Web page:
1938 Alfa Romeo 6C 2300B MM Touring Superleggera
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Chassis no. 815035
Engine no. 823956
Coachbuilder: Carrozzeria Touring
Categories: L- Limited edition cars (no. 107 manufactured)
Owner: Famiglia Bonfanti
The 6C 2300 B Mille Miglia was presented in 1938 and only produced that year. This was the last of the extensive series of 2300 B. It was the chassis of the 6C 2300 Pescara increased by 10 CV and almost 30 kilometres in speed thus reaching the maximum speed of 170 kph. Carrozzeria Touring of Milan patented the superleggera design using ultralight alloys and components with aluminum panels over a cage-like steel frame. One of this model took first place in the Turismo class of the 1937 Mille Miglia and 4th overall.
This wonderful Alfa Romeo 6C 2300 Mille Miglia Berlinetta Touring Superleggera was bought new in 1938 by a famous Milanese industrialist and is still in its original condition. In 1953 it was confiscated by the police after having been used for cigarette smuggling, and it was bought by a passionate Alfista in a police auction in the early 60s and has been in the ownership of the same family ever since.
The blueprint of the 6C 2300B Mille Miglia
The Alfa Romeo 6C name was used on road, race, and sports cars produced between 1927 and 1954 by Alfa Romeo; the "6C" name refers to the six cylinders of the car's straight-six engine. Bodies for these cars were made by coachbuilders such as James Young, Zagato, Touring Superleggera, Castagna, and Pinin Farina. Beginning in 1933 there was also a 6C version with an Alfa factory body, built in Portello. In the early 1920s Vittorio Jano received a commission to create a lightweight, high performance vehicle to replace the Giuseppe Merosi designed RL and RM models. The car was introduced in April 1925 at the Salone dell' Automobile di Milano as the 6C 1500. It was based on Alfa's P2 Grand Prix car, using a single overhead cam 1,487 cc in-line six-cylinder engine, producing 44 horsepower. In 1928 the 1500 Sport was presented, which was the first Alfa Romeo road car with double overhead camshafts.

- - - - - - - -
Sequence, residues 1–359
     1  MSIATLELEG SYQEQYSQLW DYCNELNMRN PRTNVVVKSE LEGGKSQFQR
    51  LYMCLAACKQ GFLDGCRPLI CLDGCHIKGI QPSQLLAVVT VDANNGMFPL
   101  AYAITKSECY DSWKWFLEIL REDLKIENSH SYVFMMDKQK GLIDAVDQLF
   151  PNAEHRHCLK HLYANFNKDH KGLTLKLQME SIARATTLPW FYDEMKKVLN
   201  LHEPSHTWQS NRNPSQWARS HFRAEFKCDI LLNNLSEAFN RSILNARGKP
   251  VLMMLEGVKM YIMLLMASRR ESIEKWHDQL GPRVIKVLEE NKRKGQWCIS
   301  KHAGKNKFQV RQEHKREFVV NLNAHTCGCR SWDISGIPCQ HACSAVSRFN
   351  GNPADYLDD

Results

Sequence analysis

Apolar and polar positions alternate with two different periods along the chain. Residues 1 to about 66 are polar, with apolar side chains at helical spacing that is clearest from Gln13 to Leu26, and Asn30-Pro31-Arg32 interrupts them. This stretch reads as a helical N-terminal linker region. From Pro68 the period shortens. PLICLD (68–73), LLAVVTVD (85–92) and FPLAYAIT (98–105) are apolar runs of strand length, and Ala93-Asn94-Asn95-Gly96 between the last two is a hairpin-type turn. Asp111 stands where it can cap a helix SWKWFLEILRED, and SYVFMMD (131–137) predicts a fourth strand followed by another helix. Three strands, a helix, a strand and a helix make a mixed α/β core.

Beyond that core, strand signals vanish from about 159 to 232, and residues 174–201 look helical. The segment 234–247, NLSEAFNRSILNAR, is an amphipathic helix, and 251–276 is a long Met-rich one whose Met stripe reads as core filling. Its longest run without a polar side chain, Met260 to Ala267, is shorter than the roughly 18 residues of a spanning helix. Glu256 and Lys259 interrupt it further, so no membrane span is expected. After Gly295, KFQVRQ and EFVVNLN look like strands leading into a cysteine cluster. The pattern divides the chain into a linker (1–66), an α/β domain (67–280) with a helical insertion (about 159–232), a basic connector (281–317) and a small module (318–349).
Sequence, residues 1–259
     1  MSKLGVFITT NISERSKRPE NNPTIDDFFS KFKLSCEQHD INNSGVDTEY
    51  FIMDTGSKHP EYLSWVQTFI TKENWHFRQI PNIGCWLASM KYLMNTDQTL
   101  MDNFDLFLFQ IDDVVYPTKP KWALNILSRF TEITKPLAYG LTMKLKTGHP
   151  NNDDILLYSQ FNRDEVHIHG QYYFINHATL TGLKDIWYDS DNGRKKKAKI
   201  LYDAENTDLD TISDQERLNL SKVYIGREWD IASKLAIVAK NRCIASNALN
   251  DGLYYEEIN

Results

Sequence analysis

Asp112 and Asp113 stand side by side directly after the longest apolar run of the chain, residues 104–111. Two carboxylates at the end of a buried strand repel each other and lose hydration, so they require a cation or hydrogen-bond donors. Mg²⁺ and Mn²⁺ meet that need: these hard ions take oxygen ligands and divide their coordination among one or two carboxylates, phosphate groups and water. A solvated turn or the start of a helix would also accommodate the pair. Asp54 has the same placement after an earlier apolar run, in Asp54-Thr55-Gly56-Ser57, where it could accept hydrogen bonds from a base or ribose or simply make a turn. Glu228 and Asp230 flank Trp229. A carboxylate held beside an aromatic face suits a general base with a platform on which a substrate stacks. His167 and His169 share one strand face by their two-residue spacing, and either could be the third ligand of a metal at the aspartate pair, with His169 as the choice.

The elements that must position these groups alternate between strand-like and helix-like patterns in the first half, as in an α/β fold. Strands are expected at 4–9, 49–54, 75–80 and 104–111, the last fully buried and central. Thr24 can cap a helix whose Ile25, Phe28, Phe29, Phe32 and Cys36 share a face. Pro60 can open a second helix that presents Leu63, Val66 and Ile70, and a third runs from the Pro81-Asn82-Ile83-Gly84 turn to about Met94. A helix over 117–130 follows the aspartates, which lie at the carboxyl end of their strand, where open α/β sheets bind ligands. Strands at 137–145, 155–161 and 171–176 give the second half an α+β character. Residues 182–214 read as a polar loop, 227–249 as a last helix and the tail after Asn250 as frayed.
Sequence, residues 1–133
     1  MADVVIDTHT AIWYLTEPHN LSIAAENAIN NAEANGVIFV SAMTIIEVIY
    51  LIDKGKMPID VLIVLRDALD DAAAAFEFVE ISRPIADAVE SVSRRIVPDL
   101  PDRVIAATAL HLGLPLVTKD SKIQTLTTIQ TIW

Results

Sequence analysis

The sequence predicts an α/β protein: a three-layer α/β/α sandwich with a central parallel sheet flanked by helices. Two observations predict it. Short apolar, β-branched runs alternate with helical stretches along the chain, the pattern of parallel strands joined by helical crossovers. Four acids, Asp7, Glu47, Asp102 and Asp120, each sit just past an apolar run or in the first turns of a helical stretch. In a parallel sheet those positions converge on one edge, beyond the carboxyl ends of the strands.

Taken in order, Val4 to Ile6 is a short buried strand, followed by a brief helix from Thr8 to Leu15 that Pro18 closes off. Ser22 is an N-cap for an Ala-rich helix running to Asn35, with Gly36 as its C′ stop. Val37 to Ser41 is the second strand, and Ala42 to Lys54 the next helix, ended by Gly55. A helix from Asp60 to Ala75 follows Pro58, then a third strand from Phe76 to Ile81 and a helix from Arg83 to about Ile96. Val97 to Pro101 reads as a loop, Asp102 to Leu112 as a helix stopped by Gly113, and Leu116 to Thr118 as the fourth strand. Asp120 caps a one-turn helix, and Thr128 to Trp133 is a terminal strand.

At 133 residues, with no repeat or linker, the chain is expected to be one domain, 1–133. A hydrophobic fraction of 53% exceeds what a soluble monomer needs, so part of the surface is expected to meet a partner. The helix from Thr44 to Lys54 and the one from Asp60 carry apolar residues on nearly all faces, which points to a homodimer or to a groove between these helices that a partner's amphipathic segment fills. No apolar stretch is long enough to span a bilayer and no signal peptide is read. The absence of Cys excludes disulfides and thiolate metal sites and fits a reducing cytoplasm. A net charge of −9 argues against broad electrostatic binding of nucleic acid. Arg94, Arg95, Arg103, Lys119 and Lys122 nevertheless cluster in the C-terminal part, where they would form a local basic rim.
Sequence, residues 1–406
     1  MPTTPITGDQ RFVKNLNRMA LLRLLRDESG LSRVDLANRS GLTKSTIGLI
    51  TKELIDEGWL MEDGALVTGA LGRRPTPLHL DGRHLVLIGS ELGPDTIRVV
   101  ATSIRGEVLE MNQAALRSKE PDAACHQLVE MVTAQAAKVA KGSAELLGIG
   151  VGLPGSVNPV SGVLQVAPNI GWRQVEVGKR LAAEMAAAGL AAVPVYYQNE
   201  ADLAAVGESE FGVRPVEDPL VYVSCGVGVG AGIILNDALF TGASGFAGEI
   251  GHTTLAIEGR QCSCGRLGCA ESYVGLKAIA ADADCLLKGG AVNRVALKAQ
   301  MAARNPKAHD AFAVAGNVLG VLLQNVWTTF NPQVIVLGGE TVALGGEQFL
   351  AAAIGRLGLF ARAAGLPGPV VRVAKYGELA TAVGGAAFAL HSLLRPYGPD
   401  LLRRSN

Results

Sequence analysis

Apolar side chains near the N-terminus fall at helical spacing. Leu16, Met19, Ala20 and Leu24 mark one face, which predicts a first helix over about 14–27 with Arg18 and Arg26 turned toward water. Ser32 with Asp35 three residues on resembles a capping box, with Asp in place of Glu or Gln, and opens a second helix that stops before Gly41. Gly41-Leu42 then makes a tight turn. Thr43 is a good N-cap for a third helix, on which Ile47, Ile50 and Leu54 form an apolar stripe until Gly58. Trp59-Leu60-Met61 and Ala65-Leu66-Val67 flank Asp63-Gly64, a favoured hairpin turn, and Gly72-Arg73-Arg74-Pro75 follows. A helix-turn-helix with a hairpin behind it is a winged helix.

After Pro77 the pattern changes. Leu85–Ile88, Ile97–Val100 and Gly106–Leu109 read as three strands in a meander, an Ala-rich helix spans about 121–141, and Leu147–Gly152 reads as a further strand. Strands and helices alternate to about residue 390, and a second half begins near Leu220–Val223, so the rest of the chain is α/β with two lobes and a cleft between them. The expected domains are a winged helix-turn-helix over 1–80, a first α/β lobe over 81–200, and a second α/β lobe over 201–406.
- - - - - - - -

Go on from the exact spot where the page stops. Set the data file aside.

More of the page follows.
Alfa Romeo 6C 2300 (1934–1938)
The 6C 2300 (2,309 cc) was designed by Vittorio Jano as a lower-cost alternative to the 8C. In 1934 Alfa Romeo had become a state-owned enterprise. That year, a new 6C model with a newly designed and larger engine was presented. Chassis technology, however, had been taken from the predecessor. One year later a revised model, the 6C 2300 B, was presented. In this version the engine was placed in a completely redesigned chassis, with independent front suspension and rear swing axle, as well as hydraulic brakes. 760 examples of the rigid-axle 6C 2300 were produced and 870 examples of the B-model.
THE EVOLUTION OF THE 6C
Throughout the late 1920s and 1930s, Alfa Romeo dominated long-distance road racing with their glorious 6C and 8C models; the period from 1928 until the outbreak of war yielding six consecutive wins in the Targa Florio, four consecutive victories in the 24 Hours of Le Mans, and no fewer than 10 wins in 11 years in the grueling Mille Miglia. Indeed, in the period 1932 through 1934, they remained unbeaten in all three events, thereby sealing an unprecedented “hat-trick of hat-tricks” for the Portello marque.